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    This artist’s concept shows Launch Complex 39A at NASA’s Kennedy Space Center in Florida as it will appear for the launch of a SpaceX Crew Dragon spacecraft atop a Falcon 9 rocket. SpaceX is modifying the launch pad to host Falcon 9 and Falcon Heavy launch vehicles

    Falcon Heavys Rise: SpaceX’s New Rocket Scores Big Satellite Launch Contract

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    Elon Musk’s SpaceX just won a major $130 million contract to launch a US Air Force satellite into orbit, the military branch announced Friday.

    The contract, which is the fifth awarded under the Evolved Expendable Launch Vehicle program, will put an Air Force Space Command (AFSPC)-52 satellite into orbit in fiscal year 2020, Los Angeles Air Force Base announced Thursday.

    Further details about the satellite remain classified.

    The Falcon Heavy rocket that will carry the payload will launch from the Kennedy Space Center in Florida. This is the first such contract SpaceX has received using the Falcon Heavy, which made its maiden flight in February 2018.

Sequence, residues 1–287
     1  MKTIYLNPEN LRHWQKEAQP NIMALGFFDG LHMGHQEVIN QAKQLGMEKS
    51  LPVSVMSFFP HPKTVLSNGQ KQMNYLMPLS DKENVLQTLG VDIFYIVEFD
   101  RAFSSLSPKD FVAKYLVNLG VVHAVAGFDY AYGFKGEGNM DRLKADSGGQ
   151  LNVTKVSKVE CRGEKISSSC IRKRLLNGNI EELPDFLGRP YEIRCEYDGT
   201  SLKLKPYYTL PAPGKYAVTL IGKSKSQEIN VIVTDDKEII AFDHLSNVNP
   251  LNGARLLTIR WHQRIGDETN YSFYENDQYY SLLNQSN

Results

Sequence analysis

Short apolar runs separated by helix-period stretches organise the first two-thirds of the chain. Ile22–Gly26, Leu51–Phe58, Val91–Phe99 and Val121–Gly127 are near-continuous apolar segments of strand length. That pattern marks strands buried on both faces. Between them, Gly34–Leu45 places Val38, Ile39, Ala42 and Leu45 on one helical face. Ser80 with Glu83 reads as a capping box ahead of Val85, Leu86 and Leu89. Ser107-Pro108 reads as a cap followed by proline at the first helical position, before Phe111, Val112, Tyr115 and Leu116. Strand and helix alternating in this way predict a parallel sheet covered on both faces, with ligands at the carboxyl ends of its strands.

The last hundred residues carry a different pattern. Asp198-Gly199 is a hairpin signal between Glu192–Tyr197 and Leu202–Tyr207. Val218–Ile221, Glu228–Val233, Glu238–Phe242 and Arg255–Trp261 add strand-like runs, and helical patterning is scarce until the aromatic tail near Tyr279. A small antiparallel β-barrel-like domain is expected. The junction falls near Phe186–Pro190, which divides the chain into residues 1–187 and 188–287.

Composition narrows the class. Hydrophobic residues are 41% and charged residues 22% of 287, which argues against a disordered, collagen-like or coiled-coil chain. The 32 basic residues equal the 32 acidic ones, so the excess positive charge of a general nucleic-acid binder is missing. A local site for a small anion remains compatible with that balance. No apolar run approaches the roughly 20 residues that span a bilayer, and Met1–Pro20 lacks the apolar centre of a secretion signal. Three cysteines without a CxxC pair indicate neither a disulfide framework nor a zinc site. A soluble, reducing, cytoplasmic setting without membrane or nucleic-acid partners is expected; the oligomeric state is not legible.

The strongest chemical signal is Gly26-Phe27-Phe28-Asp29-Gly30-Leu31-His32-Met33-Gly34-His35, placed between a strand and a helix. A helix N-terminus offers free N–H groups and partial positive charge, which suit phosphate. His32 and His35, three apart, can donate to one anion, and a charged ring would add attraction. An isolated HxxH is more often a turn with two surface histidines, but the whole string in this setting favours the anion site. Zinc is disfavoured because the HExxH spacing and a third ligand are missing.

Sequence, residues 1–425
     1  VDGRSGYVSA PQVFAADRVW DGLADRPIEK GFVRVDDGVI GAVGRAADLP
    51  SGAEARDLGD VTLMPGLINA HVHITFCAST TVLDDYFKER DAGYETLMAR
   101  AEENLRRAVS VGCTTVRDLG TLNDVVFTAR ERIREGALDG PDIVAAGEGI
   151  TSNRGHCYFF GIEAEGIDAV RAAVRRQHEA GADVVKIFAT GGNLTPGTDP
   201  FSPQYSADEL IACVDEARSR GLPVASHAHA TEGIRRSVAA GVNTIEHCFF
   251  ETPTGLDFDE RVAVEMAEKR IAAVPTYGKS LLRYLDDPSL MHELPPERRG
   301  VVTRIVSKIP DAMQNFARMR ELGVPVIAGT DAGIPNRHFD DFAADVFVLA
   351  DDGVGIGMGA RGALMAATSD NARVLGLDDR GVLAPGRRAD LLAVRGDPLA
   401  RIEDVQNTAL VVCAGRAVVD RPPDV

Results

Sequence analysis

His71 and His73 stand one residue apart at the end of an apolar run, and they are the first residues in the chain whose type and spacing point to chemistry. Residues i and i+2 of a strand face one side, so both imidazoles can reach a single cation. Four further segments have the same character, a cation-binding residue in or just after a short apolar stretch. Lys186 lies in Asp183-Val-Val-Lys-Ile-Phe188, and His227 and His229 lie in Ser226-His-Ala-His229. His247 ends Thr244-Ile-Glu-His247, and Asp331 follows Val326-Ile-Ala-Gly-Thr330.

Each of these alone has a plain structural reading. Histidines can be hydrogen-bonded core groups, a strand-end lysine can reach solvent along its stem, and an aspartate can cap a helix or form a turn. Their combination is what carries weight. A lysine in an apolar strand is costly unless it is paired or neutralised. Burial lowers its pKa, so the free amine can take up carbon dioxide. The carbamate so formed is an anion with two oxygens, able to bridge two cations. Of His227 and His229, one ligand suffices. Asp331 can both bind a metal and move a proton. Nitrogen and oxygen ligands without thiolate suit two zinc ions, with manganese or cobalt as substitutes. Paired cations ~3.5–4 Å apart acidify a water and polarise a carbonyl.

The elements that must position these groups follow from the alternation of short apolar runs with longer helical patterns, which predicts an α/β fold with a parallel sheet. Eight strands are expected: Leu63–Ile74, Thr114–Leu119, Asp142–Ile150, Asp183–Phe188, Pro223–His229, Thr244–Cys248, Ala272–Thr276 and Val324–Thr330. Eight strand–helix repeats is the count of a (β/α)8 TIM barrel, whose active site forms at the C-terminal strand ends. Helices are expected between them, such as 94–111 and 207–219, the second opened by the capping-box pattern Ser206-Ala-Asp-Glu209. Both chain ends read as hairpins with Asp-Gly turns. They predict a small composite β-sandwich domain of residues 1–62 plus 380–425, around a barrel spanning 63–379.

"On behalf of all of our employees, I want to thank the Air Force for certifying Falcon Heavy, awarding us this critically important mission, and for their trust and confidence in our company," said SpaceX president Gwynne Shotwell in a statement. "SpaceX is pleased to continue offering the American taxpayer the most cost-effective, reliable launch services for vital national security space missions."

    SpaceX beat out competitors United Launch Alliance, a joint competitor formed by defense giants Lockheed Martin and Boeing, with an offer to do the same work for tens of millions fewer dollars, Fortune reported. The company first smashed ULA's monopoly of the field in 2016.

    SpaceX was founded in 2002 by Elon Musk. Its Falcon Heavy rocket is a modification of the company's earlier Falcon 9 partially reusable rocket. While the Falcon 9 can lift around 25 tons into low Earth orbit, the Heavy can boost a hefty 70 tons into space. While it was hoped the Falcon Heavy would be ready "in a couple of years" in 2009, its maiden flight was continually delayed by testing problems and the catastrophic failure of other rockets using the same or similar parts as the Falcon Heavy, only flying for the first time in early 2018.



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